It’s been quite a while since I’ve sat down to write even though so many ideas have entered my mind since my last post. The summer is an insanely busy time for me and now that the kids are back in school and on a fairly normal schedule, I am able to take some time for myself. My four and a half year old’s latest obsession is the Disney film Tangled. She is a girly-girl and she loves all of the princesses, so that’s no shocker. I chose not to take her to the movies to see the film because I didn’t want her to become fascinated with long, blonde hair and turn against the beauty of her own. And at this young age it can be an easy blow to a brown kinky-haired girl’s self-esteem. However, after time had passed and she had joyously embraced her wavy brown double strand-twists and braids and provided us with numerous neck-jerking performances of “I love my hair”, I figured it was safe to let her venture into the world of Rapunzel. I have to admit that other than The Lion King, this is the only Disney movie that really touched me and almost brought me to tears. I think mostly because of all of the symbolism that I could so relate to in my life. She was trapped inside a tower for most of her life because she was taught to fear the unknown. Even though she made good use of her time there, and blossomed in her own way, she always felt a pull towards the light – specifically lanterns that she had a burning (forgive the pun) desire to see. She knew that there was a calling on her life just outside the castle, but she needed the right guide, and the witch, posed as her mother, was so afraid of losing Rapunzel and hence her own life, that she used fear to keep the princess within the walls of her domain. Once Rapunzel trusted her inner voice and ventured out, she found unconditional love and her true calling. What a great message for our children to receive.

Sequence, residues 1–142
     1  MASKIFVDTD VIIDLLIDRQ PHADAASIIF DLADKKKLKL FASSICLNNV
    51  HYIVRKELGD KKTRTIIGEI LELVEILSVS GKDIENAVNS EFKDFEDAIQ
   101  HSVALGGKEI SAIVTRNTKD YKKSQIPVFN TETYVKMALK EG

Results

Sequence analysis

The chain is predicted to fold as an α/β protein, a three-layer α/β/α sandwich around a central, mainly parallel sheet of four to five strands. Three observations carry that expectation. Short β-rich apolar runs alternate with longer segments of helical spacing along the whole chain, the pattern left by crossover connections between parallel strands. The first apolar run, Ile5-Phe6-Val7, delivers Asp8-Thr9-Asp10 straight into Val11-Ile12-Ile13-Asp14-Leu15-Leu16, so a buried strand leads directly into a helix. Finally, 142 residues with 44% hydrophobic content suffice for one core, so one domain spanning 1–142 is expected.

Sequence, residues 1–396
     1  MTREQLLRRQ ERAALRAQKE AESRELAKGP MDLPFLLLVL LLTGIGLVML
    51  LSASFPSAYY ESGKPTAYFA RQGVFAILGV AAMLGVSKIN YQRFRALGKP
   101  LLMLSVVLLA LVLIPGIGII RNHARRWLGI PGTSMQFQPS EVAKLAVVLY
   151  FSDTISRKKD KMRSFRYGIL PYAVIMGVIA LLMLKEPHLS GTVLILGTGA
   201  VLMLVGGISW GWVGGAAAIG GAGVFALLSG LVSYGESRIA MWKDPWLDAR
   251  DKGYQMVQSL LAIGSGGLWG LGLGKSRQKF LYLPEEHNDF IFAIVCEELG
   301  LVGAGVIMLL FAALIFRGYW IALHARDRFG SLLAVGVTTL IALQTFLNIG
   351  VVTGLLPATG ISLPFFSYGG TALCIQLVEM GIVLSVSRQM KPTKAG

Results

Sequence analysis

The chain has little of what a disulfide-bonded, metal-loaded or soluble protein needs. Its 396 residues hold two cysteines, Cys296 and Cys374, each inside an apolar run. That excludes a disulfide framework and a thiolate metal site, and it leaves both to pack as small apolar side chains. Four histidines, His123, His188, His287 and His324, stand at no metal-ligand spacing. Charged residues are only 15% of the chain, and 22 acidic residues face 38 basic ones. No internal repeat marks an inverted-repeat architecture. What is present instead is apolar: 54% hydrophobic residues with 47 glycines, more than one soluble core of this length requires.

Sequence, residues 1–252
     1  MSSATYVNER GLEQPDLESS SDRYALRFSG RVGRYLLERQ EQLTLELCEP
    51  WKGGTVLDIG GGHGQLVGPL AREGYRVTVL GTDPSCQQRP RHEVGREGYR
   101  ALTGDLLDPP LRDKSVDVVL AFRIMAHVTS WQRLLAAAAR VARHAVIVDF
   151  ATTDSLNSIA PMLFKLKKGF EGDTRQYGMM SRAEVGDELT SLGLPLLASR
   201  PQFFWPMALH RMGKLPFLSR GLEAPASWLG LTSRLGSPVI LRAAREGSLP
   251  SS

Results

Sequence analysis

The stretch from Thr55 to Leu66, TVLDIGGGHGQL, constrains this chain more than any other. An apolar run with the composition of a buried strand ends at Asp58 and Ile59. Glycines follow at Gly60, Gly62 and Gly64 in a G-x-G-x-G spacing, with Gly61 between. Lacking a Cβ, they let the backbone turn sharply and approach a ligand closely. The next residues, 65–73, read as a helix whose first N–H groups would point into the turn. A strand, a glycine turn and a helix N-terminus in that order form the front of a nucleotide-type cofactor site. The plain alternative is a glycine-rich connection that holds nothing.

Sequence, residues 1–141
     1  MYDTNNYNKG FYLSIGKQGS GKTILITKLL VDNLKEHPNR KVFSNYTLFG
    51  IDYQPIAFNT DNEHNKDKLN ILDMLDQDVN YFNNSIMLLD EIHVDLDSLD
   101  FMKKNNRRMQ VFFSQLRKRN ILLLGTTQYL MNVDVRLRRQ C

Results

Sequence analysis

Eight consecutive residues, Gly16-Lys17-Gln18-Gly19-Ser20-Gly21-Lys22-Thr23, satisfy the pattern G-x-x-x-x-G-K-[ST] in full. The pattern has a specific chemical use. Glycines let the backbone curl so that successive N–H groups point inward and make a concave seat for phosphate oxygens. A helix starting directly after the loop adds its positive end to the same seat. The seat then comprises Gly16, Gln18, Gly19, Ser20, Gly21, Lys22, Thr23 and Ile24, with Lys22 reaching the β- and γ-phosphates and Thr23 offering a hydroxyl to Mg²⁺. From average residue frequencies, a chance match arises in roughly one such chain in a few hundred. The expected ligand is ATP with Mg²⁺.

I think it’s also why I’ve been thinking of my friend Beverly so much lately. She was a bright light that never had a chance to come into her own and I think her life also mirrored that of Rapunzel. She yearned to know what was behind those four walls and she got caught up in the glamour of the streets because she was still trying to find someone to love her without fear. Bev was my home girl from around the way. She lived on one end of the block and I on the other. It was a long block and I wasn’t even allowed to walk to the other end of the block when I was little because I was only allowed to go as far as my mom could yell for me. Most of the girls on the block didn’t like me or were jealous of me – I am not sure which was most true – because I stayed in the house, did my homework, minded my own business and they mistook my meekness for snobby and stuck-up. I can’t even remember the day that I met Bev, but I loved her for seeing past all of the rumors and assumptions and becoming friends with me because of what she saw in my heart. Bev was so much fun! She had the most beautiful smile and always found a reason to smile and could always make me laugh. I think she got such a thrill pulling me out of my comfort zone. I was such a goody-goody and she was the complete opposite – always on punishment for sneaking out to parties, bars and just plain never making curfew at night. Other than going to parties with my brother the DJ, I had no idea of what transpired outside of the the few blocks between 60th and Webster Street and Cobbs Creek Parkway. I was told that good girls didn’t do the things that Bev did, so until I met her, I didn’t. I had spent four years at a boarding school and never even tried to have sex with a boy because I knew my dad would kill me if I came home pregnant. I was so naive that I didn’t believe my mom when she told me that boys wanted to go all the way when they invited you to their house without their parents home.